Television died today. The date is April 20015. Rui Unas has nearly a million followers over several online platforms, as he announces, live on Periscope, the death of television.
Ironically, the announcement is made from a TV studio, minutes before Unas goes live as a guest on the portuguese talk show 5 para a meia-noite. While unsuspecting viewers watch late night TV at home, around 20 people, connected to a new iPhone app, realize nothing will be the same again.
If someone is qualified to evaluate the health condition of TV, is it's self-proclaimed Lord. To find out more about how Rui Unas sees the role of the internet in the media world and his own career, I asked him some questions. A few hours later, I had the answers on my computer.
First, a little history
14 years ago, Rui Unas was the host of Curto Circuito on SIC Radical and already had a legion of followers that stuck to the show since it's debut, at CNL, in 1999. I was taking my first steps online and had the idea of gathering all those funny text messages for early mobile phones on a website.
Curto Circuito was live for 3 hours every day and already had a space for sharing cool internet websites. That's how I met Rui Unas for the first time - I was invited to talk about my site FunSMS.com on live TV.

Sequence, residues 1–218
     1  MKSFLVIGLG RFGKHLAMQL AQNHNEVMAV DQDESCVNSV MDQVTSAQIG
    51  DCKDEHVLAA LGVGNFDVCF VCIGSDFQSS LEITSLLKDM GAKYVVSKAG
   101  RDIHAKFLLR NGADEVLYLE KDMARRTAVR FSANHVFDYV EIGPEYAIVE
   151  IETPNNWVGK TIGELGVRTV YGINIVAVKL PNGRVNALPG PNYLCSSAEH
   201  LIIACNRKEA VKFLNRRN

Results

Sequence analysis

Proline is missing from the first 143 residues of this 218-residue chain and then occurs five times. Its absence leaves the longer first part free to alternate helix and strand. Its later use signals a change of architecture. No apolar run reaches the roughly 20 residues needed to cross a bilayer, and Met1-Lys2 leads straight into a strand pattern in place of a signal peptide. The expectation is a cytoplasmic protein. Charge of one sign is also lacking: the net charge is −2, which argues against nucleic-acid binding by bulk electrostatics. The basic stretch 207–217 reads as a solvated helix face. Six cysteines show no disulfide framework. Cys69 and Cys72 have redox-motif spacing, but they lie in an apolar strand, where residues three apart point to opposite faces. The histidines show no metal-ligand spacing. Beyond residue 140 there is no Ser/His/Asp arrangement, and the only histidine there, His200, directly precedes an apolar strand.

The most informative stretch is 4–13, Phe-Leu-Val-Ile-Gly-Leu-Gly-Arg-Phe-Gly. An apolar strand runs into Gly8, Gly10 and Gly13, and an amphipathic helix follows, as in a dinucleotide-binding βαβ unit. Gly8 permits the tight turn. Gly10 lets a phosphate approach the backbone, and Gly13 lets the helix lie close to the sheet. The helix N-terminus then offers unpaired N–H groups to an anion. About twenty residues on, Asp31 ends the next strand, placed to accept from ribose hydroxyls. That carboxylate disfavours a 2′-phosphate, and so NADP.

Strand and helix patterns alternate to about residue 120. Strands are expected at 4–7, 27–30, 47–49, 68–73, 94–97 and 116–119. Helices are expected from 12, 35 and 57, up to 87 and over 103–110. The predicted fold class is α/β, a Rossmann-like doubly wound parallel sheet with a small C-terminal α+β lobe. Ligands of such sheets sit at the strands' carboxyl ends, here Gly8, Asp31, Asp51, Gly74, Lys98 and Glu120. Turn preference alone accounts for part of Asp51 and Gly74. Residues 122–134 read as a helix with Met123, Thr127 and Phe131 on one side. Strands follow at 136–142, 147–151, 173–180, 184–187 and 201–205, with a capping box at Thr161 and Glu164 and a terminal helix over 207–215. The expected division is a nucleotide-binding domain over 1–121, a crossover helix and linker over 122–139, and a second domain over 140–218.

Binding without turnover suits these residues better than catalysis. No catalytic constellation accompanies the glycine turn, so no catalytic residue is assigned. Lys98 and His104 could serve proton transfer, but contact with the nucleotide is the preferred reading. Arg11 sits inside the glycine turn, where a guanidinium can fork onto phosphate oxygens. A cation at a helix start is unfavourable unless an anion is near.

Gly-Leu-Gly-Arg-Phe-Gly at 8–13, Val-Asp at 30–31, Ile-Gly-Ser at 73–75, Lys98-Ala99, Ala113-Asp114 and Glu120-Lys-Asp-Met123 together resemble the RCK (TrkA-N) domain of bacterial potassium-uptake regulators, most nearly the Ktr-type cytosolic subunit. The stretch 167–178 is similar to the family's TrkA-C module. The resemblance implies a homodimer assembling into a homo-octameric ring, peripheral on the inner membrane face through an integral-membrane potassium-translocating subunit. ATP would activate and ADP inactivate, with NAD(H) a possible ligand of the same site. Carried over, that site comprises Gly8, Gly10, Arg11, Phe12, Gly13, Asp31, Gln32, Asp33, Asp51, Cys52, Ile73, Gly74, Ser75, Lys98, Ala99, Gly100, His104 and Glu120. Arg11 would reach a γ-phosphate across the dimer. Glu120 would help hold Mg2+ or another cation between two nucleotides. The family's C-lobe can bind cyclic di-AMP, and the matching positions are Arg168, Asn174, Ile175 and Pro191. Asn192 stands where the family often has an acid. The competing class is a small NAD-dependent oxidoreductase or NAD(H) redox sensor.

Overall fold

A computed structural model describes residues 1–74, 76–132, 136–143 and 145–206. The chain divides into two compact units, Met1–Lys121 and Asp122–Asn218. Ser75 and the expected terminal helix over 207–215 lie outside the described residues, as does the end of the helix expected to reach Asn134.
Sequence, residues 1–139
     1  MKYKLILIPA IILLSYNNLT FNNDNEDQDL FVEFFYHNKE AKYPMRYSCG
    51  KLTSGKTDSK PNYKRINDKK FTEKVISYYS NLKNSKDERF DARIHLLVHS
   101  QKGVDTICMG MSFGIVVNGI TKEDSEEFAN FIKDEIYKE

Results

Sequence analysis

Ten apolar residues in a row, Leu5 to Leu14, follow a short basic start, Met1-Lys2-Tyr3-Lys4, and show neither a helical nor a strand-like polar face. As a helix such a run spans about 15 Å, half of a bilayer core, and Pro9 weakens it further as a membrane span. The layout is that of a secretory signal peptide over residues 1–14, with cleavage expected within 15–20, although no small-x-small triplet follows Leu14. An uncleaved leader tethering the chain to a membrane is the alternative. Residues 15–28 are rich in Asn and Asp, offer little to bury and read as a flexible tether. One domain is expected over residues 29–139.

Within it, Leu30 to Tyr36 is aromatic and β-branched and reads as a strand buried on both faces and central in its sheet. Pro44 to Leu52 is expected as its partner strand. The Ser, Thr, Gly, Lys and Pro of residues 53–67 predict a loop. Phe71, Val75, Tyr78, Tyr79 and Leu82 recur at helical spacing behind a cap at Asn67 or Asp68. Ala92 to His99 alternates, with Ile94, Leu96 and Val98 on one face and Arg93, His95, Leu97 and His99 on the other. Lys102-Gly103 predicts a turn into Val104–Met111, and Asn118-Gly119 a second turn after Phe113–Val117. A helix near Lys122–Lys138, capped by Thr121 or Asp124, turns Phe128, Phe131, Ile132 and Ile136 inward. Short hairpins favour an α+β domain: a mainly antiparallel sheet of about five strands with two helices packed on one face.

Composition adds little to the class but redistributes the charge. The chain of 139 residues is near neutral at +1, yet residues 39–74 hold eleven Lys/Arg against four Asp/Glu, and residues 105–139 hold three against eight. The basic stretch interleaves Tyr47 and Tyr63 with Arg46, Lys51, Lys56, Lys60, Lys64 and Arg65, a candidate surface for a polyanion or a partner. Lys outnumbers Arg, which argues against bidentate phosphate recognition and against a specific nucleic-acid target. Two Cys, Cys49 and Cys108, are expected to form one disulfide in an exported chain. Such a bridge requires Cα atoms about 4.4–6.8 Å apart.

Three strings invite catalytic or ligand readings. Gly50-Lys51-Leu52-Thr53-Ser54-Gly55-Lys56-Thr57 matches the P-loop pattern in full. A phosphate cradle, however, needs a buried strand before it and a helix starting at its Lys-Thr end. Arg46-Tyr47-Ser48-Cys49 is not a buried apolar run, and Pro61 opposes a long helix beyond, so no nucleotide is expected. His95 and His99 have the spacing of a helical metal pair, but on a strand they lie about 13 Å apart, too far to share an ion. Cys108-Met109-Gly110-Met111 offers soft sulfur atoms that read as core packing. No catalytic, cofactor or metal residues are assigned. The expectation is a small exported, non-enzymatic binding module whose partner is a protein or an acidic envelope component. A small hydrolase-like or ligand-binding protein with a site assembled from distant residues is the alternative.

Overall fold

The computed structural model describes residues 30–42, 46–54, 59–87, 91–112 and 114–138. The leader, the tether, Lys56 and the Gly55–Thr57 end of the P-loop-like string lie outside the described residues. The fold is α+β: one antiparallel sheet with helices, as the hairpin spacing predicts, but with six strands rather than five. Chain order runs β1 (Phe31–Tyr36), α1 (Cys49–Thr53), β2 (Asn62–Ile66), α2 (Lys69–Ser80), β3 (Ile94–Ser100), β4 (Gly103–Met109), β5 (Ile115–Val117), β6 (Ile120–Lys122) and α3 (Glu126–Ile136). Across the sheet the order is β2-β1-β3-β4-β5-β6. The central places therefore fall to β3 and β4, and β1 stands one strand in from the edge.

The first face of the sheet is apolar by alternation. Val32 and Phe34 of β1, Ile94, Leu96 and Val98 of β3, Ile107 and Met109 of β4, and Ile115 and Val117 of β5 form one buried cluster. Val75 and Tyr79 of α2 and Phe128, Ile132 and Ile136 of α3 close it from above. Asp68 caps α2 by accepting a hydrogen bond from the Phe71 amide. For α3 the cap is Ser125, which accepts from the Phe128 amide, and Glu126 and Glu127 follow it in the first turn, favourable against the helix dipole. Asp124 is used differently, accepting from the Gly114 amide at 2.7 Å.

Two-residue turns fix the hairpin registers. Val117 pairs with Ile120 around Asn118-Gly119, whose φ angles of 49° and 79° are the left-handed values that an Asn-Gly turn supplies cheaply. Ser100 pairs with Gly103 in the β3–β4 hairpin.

Six years later, I created Gam3r.net and was invited to host Espaço PlayStation, a segment about videogames on Curto Circuito. For 18 months I kept the weekly ritual of presenting videogames at Valentim de Carvalho studios, but Rui Unas was no longer hosting the show.
At the end of July 2009, CC suspended their daily broadcast and went on holidays, for the first time in a decade. That interruption coincided with my decision to leave the show and commit only to the internet again. To this day I regret not waiting a couple of months before leaving...
Curto Circuito returned in September, celebrating it's tenth anniversary. For a whole month, Rui Unas took back the controls of the show. It was an amazing month, history was made and audience records were shattered. The Lord of portuguese television was back to CC, seven years later.
During that short time, Rui Unas reunited with his audience, after being apart for too long. But this was not enough. It didn't take long for this connection to move to YouTube, where he gathered 150.000 subscribers and millions of views.
Since then, the Lord is in touch with his fans through several social networks, regardless of his TV appearances.
Rui Unas takes the stage
We're back in 2015, television's corpse is still warm and Rui Unas answers my questions.
Currently, how do you define yourself professionally?
Hardly. I may define myself as an entertainer. I try to exercise as much as possible the communication side, but the artistic, acting and comedy aspects are always present.
Behind the entertainer, is there a digital marketer that plans and implements online marketing strategies?
I don't make plans. I believe my name and work are a brand that I have to promote. I don't have a strategy, I rely on intuition and common sense.
Recently, you announced the death of TV, on Periscope. However, you work regularly on TV, cinema, radio and theater. How do you see the future of the more traditional entertainment industry?